Mt. Kinabalu is the highest mountain in Borneo. The majestic mountain is also a feature of the Sahah flag and the highest peak is called Low’s Peak,
clocking in at an elevation of 4102 meters. The height of the summit
changes from time to time though, and it’s currently listed as 4095.2 meters.
The climb up began at 0230 hours from the rest house at 3,320 meters
above sea level. We had already scaled the first part of the mountain
earlier and the summit attempt was made after 4 hours of sleep. I was
the only one to reach the top amongst my buddies – one didn’t want to
go and the other gave up half way.
The mandatory guide that was assigned to us woke us up at 2 am in
the morning and I had a quick snack of Pringles and brought along a 1.5
liter bottle of water and several energy bars. The altitude at the
start of the summit climb made the ambient temperature very cold, with
an extremely icy wind chill factor.
I suited up in climbing gear and grabbed a torchlight before
following the guide up the summit at 2:30 am. It is important to wear
gloves as you will need the grip to scramble up the mountain using a
rope and as protection from the rugged granite terrain. The altitude
also makes scaling the mountain difficult and it is important to take
breaths to get used to the thinner atmosphere as you climb up the peak.
The first part of the summit attempt is through rocky terrain and
there are some dangerous areas where the path is narrow and there’s
only a rope separating you from a long fall down the cliff. This isn’t
visible when you climb it as its dark – but watch your step, as some of
the ground is slippery.
I made good pace and reached the 7 km point with relative ease, so I
told my guide to stay with my friend as he’s moving slower. There were
other groups climbing so I decided to embed myself with the faster
moving groups. It started to get difficult after 30 minutes of climbing
– the weather was extremely cold and my windbreaker couldn’t seem to
keep the cold out. The temperature drops below 0 degrees Celsius at
night and ice forms, though there’s no snow up there.
I started to get altitude sickness again after the first hour and
had to stop frequently to catch my breath. I practically sprawled at
the ground and as I got higher and higher, the more exhausted I got,
and I was close to giving up…except I wasn’t going to give up, so I
just soldiered on and at one point was practically clawing my way up
the jagged rocks by sheer willpower alone.
I finally reached the Sayat Sayat checkpoint (where
you register your summit attempt) and had to take a 10 minute break
there just trying to catch my breath. I don’t usually exercise and
that, compounded by the unfriendly climate and the previous day’s
exhaustion made my summit attempt very difficult. My heart was jack
hammering and I was breathing raggedly, but I was just as determined to
reach the top. 🙂
I could barely feel my fingers due to the cold, when I reached the 8
km point, despite the gloves. I met Connie, a Hash House Harrier from
Kuching who asked me if I was alright when she saw me trying to get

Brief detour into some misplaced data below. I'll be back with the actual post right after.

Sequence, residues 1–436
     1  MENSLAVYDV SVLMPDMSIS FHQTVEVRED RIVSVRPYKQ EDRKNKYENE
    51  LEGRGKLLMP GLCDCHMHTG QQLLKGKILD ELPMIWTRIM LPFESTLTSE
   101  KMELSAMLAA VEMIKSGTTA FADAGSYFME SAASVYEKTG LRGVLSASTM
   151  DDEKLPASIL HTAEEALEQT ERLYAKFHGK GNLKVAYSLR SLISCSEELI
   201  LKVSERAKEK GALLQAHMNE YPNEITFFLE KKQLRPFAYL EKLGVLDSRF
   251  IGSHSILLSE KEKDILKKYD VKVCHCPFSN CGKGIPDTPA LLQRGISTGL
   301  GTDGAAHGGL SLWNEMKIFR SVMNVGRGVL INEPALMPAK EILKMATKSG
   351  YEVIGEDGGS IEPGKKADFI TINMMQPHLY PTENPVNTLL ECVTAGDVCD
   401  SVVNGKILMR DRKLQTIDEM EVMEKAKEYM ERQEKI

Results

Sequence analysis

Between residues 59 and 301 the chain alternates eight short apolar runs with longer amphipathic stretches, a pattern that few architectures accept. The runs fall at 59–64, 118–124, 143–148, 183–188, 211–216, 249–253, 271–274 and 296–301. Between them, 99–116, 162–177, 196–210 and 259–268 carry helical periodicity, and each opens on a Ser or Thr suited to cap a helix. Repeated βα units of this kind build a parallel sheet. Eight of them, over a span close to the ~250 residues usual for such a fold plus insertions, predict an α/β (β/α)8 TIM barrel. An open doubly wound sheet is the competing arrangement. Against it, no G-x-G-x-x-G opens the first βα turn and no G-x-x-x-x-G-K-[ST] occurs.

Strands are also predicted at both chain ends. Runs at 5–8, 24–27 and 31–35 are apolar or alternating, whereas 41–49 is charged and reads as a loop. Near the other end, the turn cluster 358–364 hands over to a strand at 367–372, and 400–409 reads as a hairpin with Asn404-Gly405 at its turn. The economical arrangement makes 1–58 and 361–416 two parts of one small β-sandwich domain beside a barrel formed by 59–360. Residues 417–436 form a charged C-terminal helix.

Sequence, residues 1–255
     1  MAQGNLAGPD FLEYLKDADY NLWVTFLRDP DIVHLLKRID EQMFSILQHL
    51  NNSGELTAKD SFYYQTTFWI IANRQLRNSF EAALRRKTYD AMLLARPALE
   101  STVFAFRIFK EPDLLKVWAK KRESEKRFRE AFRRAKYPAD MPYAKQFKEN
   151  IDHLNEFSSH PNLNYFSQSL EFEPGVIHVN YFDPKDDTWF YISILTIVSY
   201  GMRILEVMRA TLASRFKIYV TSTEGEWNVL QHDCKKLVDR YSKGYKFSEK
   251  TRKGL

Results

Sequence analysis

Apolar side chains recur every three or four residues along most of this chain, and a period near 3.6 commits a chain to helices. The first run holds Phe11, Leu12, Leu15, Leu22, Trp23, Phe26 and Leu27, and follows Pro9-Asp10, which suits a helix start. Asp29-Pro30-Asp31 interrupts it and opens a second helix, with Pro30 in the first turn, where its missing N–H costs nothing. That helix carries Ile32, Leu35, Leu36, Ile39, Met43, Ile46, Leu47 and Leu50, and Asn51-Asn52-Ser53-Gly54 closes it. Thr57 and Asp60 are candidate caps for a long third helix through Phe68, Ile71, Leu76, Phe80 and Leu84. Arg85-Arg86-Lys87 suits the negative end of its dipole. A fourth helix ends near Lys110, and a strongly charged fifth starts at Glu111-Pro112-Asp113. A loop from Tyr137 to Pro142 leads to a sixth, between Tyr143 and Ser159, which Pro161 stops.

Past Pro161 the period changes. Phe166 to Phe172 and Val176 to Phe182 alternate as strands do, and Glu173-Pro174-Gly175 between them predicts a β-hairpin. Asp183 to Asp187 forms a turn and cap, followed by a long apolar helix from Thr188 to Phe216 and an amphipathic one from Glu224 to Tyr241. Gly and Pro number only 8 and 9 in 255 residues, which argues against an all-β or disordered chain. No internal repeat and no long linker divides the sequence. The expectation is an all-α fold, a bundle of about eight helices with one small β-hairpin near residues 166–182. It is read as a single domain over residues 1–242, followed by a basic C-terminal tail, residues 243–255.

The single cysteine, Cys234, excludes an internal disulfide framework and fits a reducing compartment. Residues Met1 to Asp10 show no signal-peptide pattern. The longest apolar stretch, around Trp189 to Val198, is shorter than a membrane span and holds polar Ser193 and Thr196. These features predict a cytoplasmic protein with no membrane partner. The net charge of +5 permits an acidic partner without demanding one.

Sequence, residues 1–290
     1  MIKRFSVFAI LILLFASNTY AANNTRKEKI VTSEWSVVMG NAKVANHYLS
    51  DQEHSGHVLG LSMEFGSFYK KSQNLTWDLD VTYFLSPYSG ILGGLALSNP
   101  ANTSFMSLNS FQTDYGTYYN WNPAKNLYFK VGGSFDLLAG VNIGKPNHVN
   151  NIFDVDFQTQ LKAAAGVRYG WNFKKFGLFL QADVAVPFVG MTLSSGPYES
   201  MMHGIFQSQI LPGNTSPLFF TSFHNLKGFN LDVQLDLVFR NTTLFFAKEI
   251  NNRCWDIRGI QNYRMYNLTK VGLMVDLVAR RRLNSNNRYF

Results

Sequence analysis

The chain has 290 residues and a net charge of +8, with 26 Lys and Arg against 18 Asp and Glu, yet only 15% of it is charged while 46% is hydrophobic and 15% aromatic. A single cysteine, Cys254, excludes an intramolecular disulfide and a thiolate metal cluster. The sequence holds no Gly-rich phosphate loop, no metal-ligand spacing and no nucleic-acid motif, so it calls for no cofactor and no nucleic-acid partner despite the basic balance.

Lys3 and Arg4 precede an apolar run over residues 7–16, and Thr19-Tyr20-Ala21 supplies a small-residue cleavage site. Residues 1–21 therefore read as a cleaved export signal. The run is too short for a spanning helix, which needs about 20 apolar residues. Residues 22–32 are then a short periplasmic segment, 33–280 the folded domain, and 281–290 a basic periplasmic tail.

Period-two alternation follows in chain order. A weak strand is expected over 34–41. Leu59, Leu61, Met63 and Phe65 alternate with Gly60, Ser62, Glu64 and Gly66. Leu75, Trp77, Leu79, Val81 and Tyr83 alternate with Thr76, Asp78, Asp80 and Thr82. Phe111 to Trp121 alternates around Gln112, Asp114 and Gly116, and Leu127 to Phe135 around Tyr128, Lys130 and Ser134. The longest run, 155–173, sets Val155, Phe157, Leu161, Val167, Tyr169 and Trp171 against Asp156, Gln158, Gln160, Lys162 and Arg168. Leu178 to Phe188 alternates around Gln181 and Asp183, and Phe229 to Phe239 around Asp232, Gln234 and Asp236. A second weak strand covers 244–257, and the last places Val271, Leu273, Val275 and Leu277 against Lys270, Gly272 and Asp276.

warm in a gully. The wind chill factor is a serious concern at this
altitude – I couldn’t ever shield my face from the wind. I decided to
climb steadily without stopping despite my exhaustion and timed my pace
to Connie’s, who’s more experienced.
The next few hours passed with a blur and all I remember is the
sharp rock face and the sporadic flash of light from a torchlight as
the climbers scaled up the mountain. It got to a point where I was so
exhausted, my mind went blank and I just forced myself to keep my hands
and legs moving in the general direction of the summit.
It got better as dawn started to break and I could see the peaks of
Mount Kinabalu. That gave me a burst of adrenaline and I started to
climb with more vigor. I didn’t feel exhausted anymore at this point
(probably coz of the endorphins) and marveled at the beautiful face of
Mt. Kinabalu that is starting to reveal itself.
I soon reached the ridge at the bottom of Low’s Peak (the highest
peak in Mt. Kinabalu) and started scaling up the face of the peak.
There is a rope to guide you through the large limestone and granite
peak – it has a very steep inclination and the final 15 meters requires
unassisted climbing, so rock climbing skills would come in useful here.
I managed to pull myself up the steep face of the peak and finally
got to the peak of Mt. Kinabalu just before sunrise. The dawn was
breaking over the mountain and it’s truly a sight to behold…I was
glad I made it to the top. 🙂
Here are some photos from the summit:
Dawn breaks on the summit of Mt. Kinabalu
Breathtaking views of Mt. Kinabalu from Low’s Peak
The clouds below the summit – on the top of the world!
Victoria’s Peak taken from the summit at Low’s Peak
Lows Peak – reaching the summit of Mt. Kinabalu
Connie Wu, also from Kuching
Connie and me, taken at the summit
Low’s Peak – wire to prevent a fall down the peak
Films of ice forming at water pools at the summit
The beautiful peaks of Mt. Kinabalu as seen from the summit
Descending Mt. Kinabalu – the mountain has been conquered!
Download: Mt. Kinabalu summit video [sixthseal.com]
Mt. Kinabalu is an impressive granite and limestone mountain and is
a sight to behold in itself. The scenic view at the summit of the
highest mountain in Borneo is breathtaking! I highly recommend scaling
the mountain to anyone who’s visiting Kota Kinabalu, Sabah.